The three-screen promise

One result of the interplay of evolving technology and evolving consumer behavior is redefinition of the Web. In its early years, consumers thought of the Web in a limited way — Internet accessed via PC. Today, the Web has literally escaped the bounds of the PC screen and has reasserted itself on the screens of mobile phones, mobile tablets, television sets and game consoles, as well as on the speakers of Internet radio.

At the same time, the wide availability of high-bandwidth connectivity has opened the doors for what was once considered an unthinkable volume of content, including high-quality streaming media, to viewers beyond the boundaries of a living room.

Both the common wisdom and the numbers indicate the insatiability of the viewing audience's appetite for media anytime anywhere. According to the Pew Research Center's Internet and American Life Project, this year 85 percent of Americans report owning cell phones, 52 percent own laptop computers, 42 percent own game consoles, and 4 percent own tablet computers.

Reaching new audiences

These consumption trends represent tremendous opportunities for broadcasters, content producers and other media enterprises to reach new audiences. However, technical challenges abound.

To understand why, you only have to look at all the variables in play. There are at least five different popular media platforms: Flash, Silverlight, HTML5, Apple iOS and 3GPP, while the number of transport protocols in common use is higher still: RTMP, RTSP/RTP, MPEG-TS and multiple HTTP methods, not to mention various adaptive bit-rate approaches. (See Table 1.)

Add to that the multiplicity of devices, each with its distinctive idiosyncrasies and capabilities — including screen size, resolution, decoding abilities, and encoding format and profile support. Compounding the issue further are the restrictions imposed by individual networks, which may include router and firewall filtering or protocol blocking. Then add bandwidth and other limitations imposed by different delivery methods — DSL, cable modem, WiFi, 3G and 4G.

Success requires strategic approach

Success requires a strategic approach that takes into account the complexities of both the technology and the marketplace. The first and most obvious consideration is where the content is going to be viewed — PC, mobile, game console or OTT. A second consideration is what content will be viewed. Is the programming going to be streamed live — a major sporting event, for example? Or, like a classic movie, will it have the same appeal if it's delivered on-demand?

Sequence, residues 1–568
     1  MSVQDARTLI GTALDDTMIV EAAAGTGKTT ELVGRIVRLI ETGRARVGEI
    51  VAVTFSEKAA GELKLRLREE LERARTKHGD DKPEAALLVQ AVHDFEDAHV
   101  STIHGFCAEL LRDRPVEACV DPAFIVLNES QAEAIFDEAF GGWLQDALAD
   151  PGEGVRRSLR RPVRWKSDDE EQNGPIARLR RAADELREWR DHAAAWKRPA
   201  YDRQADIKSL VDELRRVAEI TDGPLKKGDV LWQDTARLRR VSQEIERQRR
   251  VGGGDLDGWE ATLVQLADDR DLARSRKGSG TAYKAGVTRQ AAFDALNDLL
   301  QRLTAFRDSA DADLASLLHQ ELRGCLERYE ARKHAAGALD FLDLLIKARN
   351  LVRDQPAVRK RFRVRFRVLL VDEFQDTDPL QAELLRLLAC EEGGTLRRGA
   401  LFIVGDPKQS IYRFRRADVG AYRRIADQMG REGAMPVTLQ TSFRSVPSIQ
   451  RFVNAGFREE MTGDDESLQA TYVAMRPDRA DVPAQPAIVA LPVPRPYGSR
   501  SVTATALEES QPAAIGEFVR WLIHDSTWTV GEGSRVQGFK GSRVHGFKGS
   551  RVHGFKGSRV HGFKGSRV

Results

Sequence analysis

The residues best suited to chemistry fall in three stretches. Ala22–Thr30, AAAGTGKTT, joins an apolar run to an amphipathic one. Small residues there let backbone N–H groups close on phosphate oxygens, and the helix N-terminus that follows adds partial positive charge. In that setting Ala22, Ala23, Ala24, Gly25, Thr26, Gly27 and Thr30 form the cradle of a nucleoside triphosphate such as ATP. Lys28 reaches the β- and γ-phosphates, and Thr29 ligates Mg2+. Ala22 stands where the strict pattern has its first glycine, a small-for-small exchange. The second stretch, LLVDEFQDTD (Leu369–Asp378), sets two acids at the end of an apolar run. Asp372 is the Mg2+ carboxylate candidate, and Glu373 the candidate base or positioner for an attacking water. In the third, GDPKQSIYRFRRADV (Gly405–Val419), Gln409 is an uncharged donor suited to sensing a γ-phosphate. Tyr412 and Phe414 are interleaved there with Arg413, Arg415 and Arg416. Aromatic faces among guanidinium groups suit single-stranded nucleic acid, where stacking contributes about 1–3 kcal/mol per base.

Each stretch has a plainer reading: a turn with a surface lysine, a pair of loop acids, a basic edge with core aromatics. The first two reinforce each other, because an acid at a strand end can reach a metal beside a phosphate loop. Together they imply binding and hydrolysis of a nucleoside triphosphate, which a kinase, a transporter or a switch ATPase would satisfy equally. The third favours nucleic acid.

A third issue is identifying the best infrastructure to support delivery. This is where the choice of technology first comes to bear.

Optimizing the revenue model

Among monetizing options available to broadcasters are in-stream or in-player advertising, subscription and pay-per-view. Broadcasters also need to make their brand or website “sticky” to keep viewers coming back. In the mobile domain in particular, broadcasters have an opportunity to enhance revenue streams with apps for the iPhone, iPad, Android, BlackBerry and other devices.

One traditional solution is to implement separate media server infrastructures, each targeted at delivery to specific screens or media platforms. This so-called “segregated workflow streaming” may be many things, but it's not cost-effective. (See Figure 1.) In fact, that approach requires buying, implementing and maintaining multiple separate server types — a Flash media server for Flash, Microsoft IIS for Silverlight, QuickTime streaming server for 3GPP mobile delivery, and so on.

Besides up-front and operating expense, a further problem is inflexibility, which makes planning for the future a nightmare. Guess wrong now, and you may have to replace everything much sooner than necessary. And even if you guess right, an inflexible system will fail to keep pace with inevitable, incremental improvements in technology.

Unified media infrastructure

A better approach is a unified media infrastructure supporting what is also known as “unified workflow streaming.” (See Figure 2.) The model is based on a unified media server, a single server software type that enables streaming from a common set of on-demand or live asset encodes simultaneously to any supported player device over any protocol.

A unified media server eliminates the need for client-specific encoders and, because it can be deployed or redeployed on commodity server hardware, it can take quick advantage of evolving performance increases. Unified media server software also makes it possible to achieve in excess of 10Gb/s per-server streaming performance using off-the-shelf hardware.

Providing a real-world example is RTÉ. The Irish public service broadcaster provides free-to-air television, radio and online services. The network's “NewsNow” program feeds rely on unified media servers to stream news and current events 24 hours a day to any screen anytime, supporting Flash, iPhone and Android devices. RTÉ implemented the unified server solution after recognizing that the traditional, segregated model would require twice the number of servers along with the commensurate multiplication of staff and costs.

Good for business, good for consumers

For consumers, the availability of Web-based media on any screen at any time is good. For broadcasters and other content providers, the Web's evolution presents both new opportunities for business expansion and new challenges. When considering a business's move into these new delivery opportunities, it is important to carefully consider both initial and ongoing infrastructure and staff costs.

Alex Dobrushin is chief marketing officer at Wowza Media Systems.